"Consider it pure joy, my brothers, whenever you face trials of many kinds, because you know that the testing of your faith develops perseverance. Perseverance must finish its work so that you may be mature and complete, not lacking anything."
“Commit your life to the Lord, Trust in Him and He will act” Psalm 37
It is funny, if there is ever an hour I wonder about what I am going to write about the following week in this blog, circumstance seems to put something right in front of me the next hour.
As many of you know, I took the LSAT this past June. The 6 months before the LSAT I spent a lot of time thinking, worrying, talking about and studying for this test. I received some promising scores on practice tests hinting that I was improving- yet alas when it came to test time I (in my personal opinion) utterly failed to perform. So now, after taking some time off this summer I am at the test again striving to improve my score in order to get into a top Law school.
At the end of the night in bed after I had calmed down I asked myself “Where is God in all of this?” After a bit of thought about how the past spring had gone, I realized he wasn’t involved at all. Why? Because I had consistently taken the attitude that the test was my struggle and mine alone. And I was the only one who had the power to deal with it, learn it, and preform it. The test and God were two very separate things in my mind.
I think I was afraid to let God into this one, because I have been scared all along he doesn’t want me to go to Law school. He would rather I did something else. I was afraid taking the test was actually defying him. So now in the face of these fears surfacing, how do I let him into my LSAT experience? How do I listen and be guided by God in this situation? Do I give up on the test? Do I keep going? How in all of this do I best follow him? How do I listen, trust and ultimately let him make the call rather than my ego?
The phrase many Christians (and perhaps those of other faiths) would use in this situation is: “Turn it over to God”. Now, I think if someone had told me to do this last night amidst my upset, I would have freaked. Not only is the statement cliché but it is very loaded with undefined action and significance.
I did discover that this is the third step to the “twelve steps of AA” which my Aunt Linda sited in a previous comment. Check out the link for the steps below:
This reminded me that “turning something over to God” is indeed an well-tested and important practice- even if initially hard to understand. I think it ties in pretty closely to the theme of humility I explored earlier in the blog.
Here is another individual’s blog post on the internet I found which does a fantastic job of unpacking the concept of “turning something over to God” and rooting it in experience, check it out:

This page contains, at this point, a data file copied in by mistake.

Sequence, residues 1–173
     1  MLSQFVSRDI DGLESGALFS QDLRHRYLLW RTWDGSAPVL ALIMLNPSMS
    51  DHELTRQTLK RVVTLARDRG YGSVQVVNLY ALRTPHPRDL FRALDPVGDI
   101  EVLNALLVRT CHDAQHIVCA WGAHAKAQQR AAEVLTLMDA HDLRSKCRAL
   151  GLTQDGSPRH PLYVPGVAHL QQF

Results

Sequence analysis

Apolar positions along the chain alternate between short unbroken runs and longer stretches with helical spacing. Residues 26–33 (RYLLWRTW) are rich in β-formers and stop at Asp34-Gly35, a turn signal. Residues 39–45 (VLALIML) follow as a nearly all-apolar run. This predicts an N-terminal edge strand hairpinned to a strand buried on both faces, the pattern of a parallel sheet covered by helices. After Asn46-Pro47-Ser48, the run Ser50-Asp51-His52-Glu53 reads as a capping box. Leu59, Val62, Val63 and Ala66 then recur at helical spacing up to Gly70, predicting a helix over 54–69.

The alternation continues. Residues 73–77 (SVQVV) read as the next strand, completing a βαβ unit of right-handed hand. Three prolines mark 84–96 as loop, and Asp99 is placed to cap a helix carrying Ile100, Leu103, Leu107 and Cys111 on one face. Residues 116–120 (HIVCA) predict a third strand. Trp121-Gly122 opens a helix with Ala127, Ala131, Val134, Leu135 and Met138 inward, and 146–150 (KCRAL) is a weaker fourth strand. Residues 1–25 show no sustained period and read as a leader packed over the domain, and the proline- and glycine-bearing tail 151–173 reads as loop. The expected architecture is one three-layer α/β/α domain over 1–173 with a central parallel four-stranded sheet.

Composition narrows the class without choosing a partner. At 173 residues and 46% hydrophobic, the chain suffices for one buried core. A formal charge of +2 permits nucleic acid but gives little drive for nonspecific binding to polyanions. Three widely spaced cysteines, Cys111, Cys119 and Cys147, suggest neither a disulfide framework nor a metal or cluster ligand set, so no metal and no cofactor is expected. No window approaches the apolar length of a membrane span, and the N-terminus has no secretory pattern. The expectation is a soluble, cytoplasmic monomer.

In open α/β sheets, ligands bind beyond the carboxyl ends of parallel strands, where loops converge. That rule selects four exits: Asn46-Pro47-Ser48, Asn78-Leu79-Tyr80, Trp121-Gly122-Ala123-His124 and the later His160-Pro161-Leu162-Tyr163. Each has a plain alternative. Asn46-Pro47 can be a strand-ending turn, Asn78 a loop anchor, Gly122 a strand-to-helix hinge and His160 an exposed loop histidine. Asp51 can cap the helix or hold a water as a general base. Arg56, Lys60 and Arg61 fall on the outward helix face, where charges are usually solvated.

I have taken the three steps from the blog of following through with “turning something over to God” and attempting to apply my own example to it:
1. Follow the path of peace:
Pray to God about the LSAT and be willing to include him in the process. Listen to what about taking or not taking the test gives me peace. Be open to seeing the situation in a different way. Be mindful of what makes me uneasy, but don’t assume too much about what God wants and/or how things are supposed to work out.
2. Stop pursuing paths that unnecessarily distract from living my vocation to the best of my ability:
(Aka stop banging your head against the wall). Let go of my old way of dealing with the LSAT: which is drawing vast conclusions every time I receive a score. Stop letting the scores and what they mean consume my mind, and stop walking around grouchy and irritated because I feel like the weight of the world is on my shoulders with this test. Trust that the time to study and the proper results will come if they are supposed to; but will ultimately stay in balance with the rest of my life.
3. Keep the ultimate goal in mind:
Keep in perspective what I am ultimately committed to and why I am taking the test. Originally all I saw the test as was to “get into law school and succeed in life as I should”. Now, to turn it over to God is to focus on taking the test is only worthwhile if it helps fulfill the goal of “knowing, loving and serving God and humanity”. I see law school as a way to help me develop certain skills that can ultimately contribute and give to others. If God is behind me on contributing to others in this way, then he will support me in succeeding on the test.
And we will see how things turn out with the test- maybe I will not perform well again and I need to listen to that message. Maybe by including God I will do better than I currently think is possible. I think the trick is continuing on while being open to both of those possible results and not giving into fear and expectation. I hope those in my life will hold me to this- and if anyone hears me worrying or griping about the test out loud will remind me of this post.
For those interested in responding, do you have an example of “turning something over to God” in your life? What does this phrase mean to you and how does it play out in your experience? I would be very curious to hear and know myself and others could benefit greatly by learning from your experience.